Indeed, in clinging to their separatist agenda, these chronically small-minded partisan groups give the lie to Abiy’s rhetoric of Ethiopian national solidarity and integrity. Their unreasoning, brazen, petty-nationalist, tribal declarations and activities are often breathtaking, so brutish are they, and so contrary to Abiy’s ideal pronouncements and exhortations!

Giving such groups aid and comfort, as the Abiy regime has done, is all the more puzzling: for the political projects such narrow sectarian groups pursue tend to be at odds with the broader intersecting and overlapping interests of distinct Ethiopian cultural and local communities the groups claim to “represent,” and exclusively at that.

More generally, opposition groups resisting EPRDF one-party dictatorship around legitimate, non-separatist issues of identity and locality (say, those of Amhara communities of Welkait and Raya regions) are gaining prominence to an extent that political parties of Ethiopian unity are not. And, looking ahead, these regional resistance forces are likely to grow and increasingly take the fight to the predatory TPLF party-regime, or what is left of it.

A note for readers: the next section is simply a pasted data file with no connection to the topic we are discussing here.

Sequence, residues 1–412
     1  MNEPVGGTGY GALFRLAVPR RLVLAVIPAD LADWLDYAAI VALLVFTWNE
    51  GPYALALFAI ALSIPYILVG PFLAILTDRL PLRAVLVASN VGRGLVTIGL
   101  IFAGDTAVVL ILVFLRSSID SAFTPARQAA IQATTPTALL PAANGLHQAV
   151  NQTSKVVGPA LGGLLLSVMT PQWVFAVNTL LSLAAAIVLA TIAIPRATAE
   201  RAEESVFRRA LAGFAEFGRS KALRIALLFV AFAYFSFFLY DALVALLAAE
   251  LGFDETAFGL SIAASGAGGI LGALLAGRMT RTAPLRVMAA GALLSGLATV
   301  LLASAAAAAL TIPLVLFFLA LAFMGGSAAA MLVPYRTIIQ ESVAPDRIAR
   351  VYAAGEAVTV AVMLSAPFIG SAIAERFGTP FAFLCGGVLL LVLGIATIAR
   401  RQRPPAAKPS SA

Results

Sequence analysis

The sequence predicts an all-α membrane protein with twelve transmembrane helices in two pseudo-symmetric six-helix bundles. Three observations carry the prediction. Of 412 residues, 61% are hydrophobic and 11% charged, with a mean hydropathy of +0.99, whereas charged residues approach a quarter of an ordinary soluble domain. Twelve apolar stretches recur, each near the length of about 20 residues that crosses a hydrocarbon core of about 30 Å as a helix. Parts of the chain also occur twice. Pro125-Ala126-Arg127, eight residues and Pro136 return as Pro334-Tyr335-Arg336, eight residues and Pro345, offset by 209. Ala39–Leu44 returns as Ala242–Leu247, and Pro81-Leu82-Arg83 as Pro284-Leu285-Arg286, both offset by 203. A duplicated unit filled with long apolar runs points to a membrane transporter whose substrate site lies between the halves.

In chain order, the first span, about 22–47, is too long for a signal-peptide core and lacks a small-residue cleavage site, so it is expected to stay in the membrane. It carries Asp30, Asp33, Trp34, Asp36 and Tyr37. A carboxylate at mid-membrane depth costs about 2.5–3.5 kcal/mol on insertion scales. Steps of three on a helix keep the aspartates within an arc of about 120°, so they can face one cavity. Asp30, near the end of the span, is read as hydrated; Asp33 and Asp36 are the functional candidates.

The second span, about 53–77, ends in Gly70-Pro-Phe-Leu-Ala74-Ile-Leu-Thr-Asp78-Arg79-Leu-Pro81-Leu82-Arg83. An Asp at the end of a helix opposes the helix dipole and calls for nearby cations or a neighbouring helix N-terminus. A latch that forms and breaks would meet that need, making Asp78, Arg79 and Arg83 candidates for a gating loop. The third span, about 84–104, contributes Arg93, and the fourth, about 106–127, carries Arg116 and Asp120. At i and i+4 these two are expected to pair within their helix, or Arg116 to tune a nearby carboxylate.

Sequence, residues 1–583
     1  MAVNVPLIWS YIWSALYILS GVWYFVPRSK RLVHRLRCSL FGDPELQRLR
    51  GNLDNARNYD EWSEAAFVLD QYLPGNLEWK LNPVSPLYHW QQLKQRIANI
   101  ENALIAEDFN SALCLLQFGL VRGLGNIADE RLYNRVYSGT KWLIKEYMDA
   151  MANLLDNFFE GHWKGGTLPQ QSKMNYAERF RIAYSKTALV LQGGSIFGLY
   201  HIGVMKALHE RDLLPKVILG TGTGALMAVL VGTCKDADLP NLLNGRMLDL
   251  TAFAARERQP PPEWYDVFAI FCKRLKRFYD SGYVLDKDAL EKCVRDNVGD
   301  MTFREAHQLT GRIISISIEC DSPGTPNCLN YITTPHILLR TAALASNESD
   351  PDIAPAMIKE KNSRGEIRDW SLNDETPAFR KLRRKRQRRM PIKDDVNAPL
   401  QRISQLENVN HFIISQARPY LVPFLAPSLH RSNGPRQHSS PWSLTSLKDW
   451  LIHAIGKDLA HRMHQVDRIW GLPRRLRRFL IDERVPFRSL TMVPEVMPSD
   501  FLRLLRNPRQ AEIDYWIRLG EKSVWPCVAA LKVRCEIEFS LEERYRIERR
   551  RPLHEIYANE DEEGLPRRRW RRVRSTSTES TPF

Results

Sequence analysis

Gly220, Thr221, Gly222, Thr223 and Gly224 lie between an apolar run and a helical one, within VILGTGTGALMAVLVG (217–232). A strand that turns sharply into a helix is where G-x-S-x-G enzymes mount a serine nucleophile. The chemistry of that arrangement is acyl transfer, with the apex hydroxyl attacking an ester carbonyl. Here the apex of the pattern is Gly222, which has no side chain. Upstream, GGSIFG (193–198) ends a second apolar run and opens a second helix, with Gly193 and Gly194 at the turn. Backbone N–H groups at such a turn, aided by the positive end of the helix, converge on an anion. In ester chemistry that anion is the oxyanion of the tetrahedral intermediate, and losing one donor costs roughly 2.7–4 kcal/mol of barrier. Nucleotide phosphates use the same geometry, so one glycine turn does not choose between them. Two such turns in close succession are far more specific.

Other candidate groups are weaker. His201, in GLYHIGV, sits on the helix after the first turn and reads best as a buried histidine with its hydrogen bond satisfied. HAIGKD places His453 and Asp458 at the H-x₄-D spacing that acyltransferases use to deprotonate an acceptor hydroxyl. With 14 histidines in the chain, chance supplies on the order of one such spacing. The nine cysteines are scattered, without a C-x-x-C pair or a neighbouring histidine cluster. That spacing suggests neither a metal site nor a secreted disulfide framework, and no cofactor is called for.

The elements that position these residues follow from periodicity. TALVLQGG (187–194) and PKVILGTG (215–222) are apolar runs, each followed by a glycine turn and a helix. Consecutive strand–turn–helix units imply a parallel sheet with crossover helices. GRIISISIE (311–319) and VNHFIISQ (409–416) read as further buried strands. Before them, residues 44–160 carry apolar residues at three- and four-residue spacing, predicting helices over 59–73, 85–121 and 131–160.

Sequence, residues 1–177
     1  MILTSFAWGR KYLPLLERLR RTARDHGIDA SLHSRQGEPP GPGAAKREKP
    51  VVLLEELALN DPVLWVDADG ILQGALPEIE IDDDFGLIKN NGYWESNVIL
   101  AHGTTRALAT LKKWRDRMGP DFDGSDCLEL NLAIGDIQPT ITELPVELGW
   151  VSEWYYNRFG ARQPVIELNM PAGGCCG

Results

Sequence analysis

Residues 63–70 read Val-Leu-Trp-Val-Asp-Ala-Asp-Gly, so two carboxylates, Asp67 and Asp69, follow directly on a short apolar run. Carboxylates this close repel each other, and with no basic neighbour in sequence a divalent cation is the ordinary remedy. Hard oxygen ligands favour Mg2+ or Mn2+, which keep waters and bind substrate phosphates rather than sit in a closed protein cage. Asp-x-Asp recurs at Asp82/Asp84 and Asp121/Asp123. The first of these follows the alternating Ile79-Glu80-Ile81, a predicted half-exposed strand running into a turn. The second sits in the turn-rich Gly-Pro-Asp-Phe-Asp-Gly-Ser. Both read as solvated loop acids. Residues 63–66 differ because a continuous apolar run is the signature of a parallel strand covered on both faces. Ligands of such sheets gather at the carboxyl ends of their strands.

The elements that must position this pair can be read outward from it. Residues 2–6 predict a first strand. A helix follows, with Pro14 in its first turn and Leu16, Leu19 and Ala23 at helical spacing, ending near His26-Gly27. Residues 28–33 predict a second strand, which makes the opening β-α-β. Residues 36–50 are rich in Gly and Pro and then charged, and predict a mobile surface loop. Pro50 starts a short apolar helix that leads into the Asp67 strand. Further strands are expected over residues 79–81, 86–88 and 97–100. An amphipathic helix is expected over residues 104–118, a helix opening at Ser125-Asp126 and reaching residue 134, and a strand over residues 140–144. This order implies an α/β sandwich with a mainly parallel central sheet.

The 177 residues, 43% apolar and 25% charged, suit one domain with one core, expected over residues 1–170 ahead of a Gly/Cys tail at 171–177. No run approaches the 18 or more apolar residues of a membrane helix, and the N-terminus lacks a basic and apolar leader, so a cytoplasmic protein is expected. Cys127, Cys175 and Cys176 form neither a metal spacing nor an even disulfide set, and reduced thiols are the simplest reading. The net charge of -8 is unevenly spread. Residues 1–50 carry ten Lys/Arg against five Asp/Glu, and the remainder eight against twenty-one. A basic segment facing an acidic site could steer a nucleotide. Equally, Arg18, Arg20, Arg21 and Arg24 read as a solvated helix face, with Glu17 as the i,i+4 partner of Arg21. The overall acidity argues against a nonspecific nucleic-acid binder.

We as a nation are attracted to the personal leadership of Abiy, an individual leader of uncertain messianic character that would make change we can believe in and support. Yet we are aware of, and concerned about, the leader’s lingering political and ideological ties through the EPRDF to the much hated, change-averse TPLF cabal. These connections still remain basically in place, reshuffles and removals from power of high-ranking civilian and military personnel notwithstanding.